Optimistic Women have Lower Risk of Heart Disease
Need a reason to look on the bright side? In a recent study of women 50 years and older, the participants were asked to answer a standard questionnaire that measured optimistic tendencies based on responses to statements like "In uncertain times, I expect the worst." Those scoring highest in optimism on this scale were more likely to be alive eight years later, while those with the lowest, most pessimistic scores were more likely to have died from any cause, including heart disease. Apparently pessimism may be as bad as having high blood pressure, a well-known heart risk factor when it comes to cardiovascular health. That's not such a surprise, says the lead researcher, considering that optimistic people - more hopeful overall - probably have a larger support network, watch what they eat, exercise more and see the doctor regularly. They may cope better with stress, a risk factor that has been associated with high blood pressure, heart disease and early death in previous studies.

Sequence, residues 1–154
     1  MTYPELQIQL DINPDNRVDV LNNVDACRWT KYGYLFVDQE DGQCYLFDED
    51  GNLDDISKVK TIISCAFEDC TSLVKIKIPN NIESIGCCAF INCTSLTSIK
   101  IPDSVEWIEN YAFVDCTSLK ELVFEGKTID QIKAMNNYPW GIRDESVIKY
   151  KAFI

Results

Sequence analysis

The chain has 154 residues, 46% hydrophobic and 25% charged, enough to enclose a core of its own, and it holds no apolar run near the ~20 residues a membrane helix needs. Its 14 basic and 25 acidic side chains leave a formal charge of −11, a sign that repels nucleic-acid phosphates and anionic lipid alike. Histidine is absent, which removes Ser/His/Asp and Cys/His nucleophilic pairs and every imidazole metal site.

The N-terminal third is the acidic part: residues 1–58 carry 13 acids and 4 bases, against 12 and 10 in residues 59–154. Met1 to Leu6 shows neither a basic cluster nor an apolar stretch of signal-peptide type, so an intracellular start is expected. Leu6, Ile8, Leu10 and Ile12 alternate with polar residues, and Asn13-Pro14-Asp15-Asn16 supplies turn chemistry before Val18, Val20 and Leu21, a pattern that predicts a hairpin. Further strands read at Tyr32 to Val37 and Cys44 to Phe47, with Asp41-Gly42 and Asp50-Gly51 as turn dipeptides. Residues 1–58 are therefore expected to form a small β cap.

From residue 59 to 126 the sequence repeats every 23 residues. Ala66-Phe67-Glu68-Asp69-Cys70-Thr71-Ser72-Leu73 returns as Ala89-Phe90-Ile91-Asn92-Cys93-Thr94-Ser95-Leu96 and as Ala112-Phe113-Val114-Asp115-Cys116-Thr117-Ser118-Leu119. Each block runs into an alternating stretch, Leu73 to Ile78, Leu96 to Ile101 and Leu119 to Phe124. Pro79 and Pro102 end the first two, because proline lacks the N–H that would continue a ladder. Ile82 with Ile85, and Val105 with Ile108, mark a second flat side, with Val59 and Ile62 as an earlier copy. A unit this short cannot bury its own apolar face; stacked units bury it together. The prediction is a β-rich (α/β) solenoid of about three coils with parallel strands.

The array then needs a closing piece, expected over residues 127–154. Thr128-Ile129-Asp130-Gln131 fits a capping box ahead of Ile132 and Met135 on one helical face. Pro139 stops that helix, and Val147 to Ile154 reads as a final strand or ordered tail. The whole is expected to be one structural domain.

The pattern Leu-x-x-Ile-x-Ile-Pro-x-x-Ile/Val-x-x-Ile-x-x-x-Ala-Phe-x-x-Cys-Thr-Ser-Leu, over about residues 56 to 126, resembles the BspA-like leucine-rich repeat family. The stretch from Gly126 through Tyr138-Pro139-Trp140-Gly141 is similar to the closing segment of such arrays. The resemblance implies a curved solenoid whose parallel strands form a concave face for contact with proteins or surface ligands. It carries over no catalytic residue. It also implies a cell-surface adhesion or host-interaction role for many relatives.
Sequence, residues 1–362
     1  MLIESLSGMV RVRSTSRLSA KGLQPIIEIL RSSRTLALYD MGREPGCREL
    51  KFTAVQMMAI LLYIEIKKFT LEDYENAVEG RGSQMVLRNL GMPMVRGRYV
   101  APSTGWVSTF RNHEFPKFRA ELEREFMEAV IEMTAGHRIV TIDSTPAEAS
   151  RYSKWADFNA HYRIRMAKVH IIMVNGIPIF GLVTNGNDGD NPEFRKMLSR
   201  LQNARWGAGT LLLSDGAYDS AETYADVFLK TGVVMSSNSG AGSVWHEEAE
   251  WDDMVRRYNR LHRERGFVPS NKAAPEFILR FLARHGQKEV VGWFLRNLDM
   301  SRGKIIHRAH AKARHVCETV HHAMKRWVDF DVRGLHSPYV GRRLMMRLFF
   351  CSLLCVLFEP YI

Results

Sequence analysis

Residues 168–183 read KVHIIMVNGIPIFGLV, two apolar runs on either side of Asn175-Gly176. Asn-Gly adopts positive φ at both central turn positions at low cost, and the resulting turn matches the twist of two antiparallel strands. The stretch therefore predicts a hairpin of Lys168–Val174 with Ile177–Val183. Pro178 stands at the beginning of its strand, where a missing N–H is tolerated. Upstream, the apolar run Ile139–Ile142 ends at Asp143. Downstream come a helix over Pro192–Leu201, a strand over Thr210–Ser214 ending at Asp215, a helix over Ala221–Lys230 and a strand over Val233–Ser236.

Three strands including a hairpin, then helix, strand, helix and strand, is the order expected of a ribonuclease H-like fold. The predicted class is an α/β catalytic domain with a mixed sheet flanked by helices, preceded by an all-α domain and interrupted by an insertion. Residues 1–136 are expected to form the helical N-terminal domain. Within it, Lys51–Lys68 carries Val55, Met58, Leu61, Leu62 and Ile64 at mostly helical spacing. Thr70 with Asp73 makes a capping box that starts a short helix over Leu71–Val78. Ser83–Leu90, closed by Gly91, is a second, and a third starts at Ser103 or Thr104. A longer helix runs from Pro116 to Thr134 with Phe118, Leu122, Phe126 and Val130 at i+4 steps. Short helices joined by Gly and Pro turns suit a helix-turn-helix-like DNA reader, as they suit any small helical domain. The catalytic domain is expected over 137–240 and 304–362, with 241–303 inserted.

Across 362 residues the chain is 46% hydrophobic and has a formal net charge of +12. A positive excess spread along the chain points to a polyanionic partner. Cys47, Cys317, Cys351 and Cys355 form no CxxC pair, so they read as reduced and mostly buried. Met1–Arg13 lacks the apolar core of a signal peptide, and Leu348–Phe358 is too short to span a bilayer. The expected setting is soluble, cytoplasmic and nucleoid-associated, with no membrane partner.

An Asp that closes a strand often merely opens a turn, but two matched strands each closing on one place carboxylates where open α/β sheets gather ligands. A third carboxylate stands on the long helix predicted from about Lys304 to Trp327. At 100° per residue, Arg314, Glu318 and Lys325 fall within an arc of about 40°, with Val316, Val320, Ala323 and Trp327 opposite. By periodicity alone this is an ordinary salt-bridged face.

The study reveals interesting findings. Now the resarch team plans to replicate them and find out why this association is happening. And study whether a change in attitude can lower the risk of heart problems.
So what do you think - are you generally optimistic or pessimistic? And, if your attitude is more often negative, what can you do to modify it?